History of Kanha National Park

Originally, the Kanha National Park was a part of the Gondwanas or the “Land of the Gonds”. The Forest area of the Kanha Tiger Reserve was inhabited by two of the indigenous tribes of Central India, namely the Baigas and the Gonds. The National Park is still occupied by the villagers of these tribes. 

Kanha National Park is situated in the Mandla and Balaghat districts of Madhya Pradesh and is occupied by the two major sanctuaries i.e. the Banjar and Hallon Sanctuaries covering an area of 300 and 250 sq. km respectively forming the stupendous area of 1,949 sq. km. of the Kanha National Park. 

kanha history


The Timeline of Kanha Tiger Reserve makes it simpler to understand: 

1800- The Area was being ruled by the Gond Dynasty for many centuries before the 19th century and the forested area of Kanha was little known for the slash and burn cultivation methods of both the Gond and Baiga Tribes were being controlled in that area as they had the good knowledge of the animals and their behaviours. 

1862- During the 19th century, it marks an important year in the history of the Kanha Tiger Reserve when the first forest management rules were established and cutting of various tree species like Teak, Sal, Bija, and Shisham without official authorization was prohibited. 

1857-1871- This Phase has exceptional importance as the Kanha Tiger Reserve area was best known to came into existence when Captain J. Forsyth wrote the Classic “The Highlands of Central India” and the book was published in the year 1913 and is a highly readable combination of forest survey, ethnography, and personal memoir. Captain J. Forsyth was an officer in the Bengal Staff Corps and discovered Pachmarhi Hill situated in the Satpura National Park in Central India.

1879- Kanha Area was declared as a Reserve Forest.

1880- In 1880, during the British era, Rudyard Kipling's imaginations for "The Jungle Book" stories made this region of Madhya Pradesh more valuable. The Stupendous landscapes in the forest of Pench and Kanha are really benevolent.

1923- It was the year when a landmark classic book was published, entitled “Wild Animals in Central India” which was completely focused on the Kanha Wildlife and was written by A. A. Dunbar Brander, a government official, and a keen observant amateur naturalist. 

1933- It was the year when Kanha Forest Area was declared a Sanctuary.

1935- During the year 1935, the same status was accorded in the Eastern Sector to Supkhar but within a few years the wildlife safeguarded in this area came to an end due to the damage caused by the animals to the Field Crops, Sal Saplings, and Livestock. Over the next 20 years, the shooting of tigers and deer was periodically allowed.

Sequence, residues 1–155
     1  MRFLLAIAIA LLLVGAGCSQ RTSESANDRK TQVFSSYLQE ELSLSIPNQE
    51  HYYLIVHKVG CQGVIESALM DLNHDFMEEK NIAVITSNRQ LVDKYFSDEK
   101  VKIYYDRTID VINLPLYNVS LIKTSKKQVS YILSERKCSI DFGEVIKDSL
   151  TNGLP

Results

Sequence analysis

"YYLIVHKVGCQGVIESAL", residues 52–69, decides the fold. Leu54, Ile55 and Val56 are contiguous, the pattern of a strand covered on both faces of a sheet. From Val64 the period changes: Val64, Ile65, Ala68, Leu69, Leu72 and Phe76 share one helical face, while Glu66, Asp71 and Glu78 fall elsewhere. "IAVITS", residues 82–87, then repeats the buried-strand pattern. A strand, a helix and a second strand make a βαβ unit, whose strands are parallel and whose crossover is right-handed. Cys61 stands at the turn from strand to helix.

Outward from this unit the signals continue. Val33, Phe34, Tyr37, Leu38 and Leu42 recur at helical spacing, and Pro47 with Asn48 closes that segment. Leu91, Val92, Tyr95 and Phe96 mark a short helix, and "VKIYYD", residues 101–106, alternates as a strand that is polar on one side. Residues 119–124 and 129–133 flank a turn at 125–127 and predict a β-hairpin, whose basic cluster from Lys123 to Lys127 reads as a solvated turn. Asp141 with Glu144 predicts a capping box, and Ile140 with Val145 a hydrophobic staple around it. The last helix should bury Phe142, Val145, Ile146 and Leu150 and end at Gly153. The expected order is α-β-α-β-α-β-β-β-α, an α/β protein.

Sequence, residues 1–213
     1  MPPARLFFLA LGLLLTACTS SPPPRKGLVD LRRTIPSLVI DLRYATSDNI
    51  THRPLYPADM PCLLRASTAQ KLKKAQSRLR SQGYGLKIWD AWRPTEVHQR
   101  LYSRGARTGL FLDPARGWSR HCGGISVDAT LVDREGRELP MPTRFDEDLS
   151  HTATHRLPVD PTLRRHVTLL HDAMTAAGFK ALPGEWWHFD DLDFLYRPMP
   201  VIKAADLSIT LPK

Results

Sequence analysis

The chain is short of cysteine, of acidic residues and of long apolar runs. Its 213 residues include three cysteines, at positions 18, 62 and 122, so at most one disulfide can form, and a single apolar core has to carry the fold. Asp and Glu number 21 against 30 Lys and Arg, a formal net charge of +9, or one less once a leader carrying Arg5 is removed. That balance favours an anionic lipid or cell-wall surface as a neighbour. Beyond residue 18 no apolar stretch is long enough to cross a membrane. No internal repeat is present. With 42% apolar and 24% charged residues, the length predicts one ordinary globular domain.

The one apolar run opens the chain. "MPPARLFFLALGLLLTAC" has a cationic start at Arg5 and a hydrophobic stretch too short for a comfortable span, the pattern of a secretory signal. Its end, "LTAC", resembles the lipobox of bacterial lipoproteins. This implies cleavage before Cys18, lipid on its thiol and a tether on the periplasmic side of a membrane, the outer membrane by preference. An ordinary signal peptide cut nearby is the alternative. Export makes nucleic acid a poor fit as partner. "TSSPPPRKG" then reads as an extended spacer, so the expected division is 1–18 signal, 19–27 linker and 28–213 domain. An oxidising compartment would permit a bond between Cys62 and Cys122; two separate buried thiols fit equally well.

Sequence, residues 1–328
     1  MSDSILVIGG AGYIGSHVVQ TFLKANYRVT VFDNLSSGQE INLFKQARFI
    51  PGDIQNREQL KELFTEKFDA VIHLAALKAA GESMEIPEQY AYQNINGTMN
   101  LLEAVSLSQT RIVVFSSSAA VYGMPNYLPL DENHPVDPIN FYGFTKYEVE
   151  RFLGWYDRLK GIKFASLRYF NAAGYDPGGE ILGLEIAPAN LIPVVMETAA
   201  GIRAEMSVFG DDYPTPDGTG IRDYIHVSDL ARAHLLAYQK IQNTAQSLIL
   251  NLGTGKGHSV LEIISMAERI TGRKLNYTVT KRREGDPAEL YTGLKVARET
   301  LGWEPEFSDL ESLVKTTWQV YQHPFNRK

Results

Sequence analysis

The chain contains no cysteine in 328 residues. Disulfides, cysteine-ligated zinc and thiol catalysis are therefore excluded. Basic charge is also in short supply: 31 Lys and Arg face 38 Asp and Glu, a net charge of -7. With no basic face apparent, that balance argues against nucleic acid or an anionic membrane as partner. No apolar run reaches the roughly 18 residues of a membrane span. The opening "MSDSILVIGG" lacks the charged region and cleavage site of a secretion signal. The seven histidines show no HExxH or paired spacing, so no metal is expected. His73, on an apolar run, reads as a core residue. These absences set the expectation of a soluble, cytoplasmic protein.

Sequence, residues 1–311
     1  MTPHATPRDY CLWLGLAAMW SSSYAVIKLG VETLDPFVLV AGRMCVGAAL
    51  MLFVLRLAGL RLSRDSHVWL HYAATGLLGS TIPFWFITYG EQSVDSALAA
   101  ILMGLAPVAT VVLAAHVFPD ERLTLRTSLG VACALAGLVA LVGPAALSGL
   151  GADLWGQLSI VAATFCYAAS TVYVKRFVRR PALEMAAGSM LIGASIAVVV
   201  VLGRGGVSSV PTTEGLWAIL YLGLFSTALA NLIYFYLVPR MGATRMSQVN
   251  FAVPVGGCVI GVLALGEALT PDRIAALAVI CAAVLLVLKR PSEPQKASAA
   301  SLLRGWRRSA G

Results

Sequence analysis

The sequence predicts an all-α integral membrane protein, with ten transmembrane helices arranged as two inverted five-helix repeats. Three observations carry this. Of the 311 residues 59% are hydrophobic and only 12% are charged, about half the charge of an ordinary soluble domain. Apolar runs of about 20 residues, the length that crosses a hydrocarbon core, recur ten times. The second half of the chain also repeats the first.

1947-51- 30 Tigers were shot by the King of Vijaynagaram in the Kanha Tiger Reserve.

1955-75- This Phase was under the spotlight and introduced the new national park to the frontline in wildlife research and conservation efforts.

1963-65- The American Scientist George Schaller carried out initiating and detailed research on the Kanha Ecosystem.

1967- With the title “The Deer and the Tiger” his research was published as a persuasive book in 1967. 

1969- The Park management started relocating villages within the core areas like Sonf, Gorhela, and Bishanpura in early 1969, and the good management between the neighbourhood area and the reserve has been the key factor of its success in the conservation efforts.

1970- To encourage the breeding and safeguard the hard ground Barasingha “the jewel of Kanha” from extinction, an exceptional enclosure was built inside the reserve. Furthermore, an increase in the Barasingha species was seen from 66 to 400-500 range.

1980- For Stanley Breeden and Belinda Wright, the Kanha National Park became the perfect location for the award winning National Geographic Film, “Land of the Tigers”. Both Kanha and Ranthambore (in Rajasthan) parks witnessed the success of the first phase of Project Tiger in the same year, and the number of visitors also dramatically increased in both national parks.

1989-1991- During this phase, an intense collaboration at Kanha Tiger Reserve between the Centre for Environmental Education in Ahmedabad and the United States National Park Service resulted in the installation of a multi-faceted informational program at Kanha comprising a park museum at Kisli, two orientation centers and a variety of publications. 

1991- During the early 1990s, the Kanha Tiger Reserve was devoted to enhancing its biodiversity, expanding tourist infrastructure, and maintaining its desirable record for research, monitoring, and security. Undoubtedly, according to many observers, Kanha is the main national park in India and one of the most exquisite wildlife reserves in the world.

2000- Announced by the Department of Tourism, Government of India, the Kanha National Park was awarded as the best tourism friendly national park.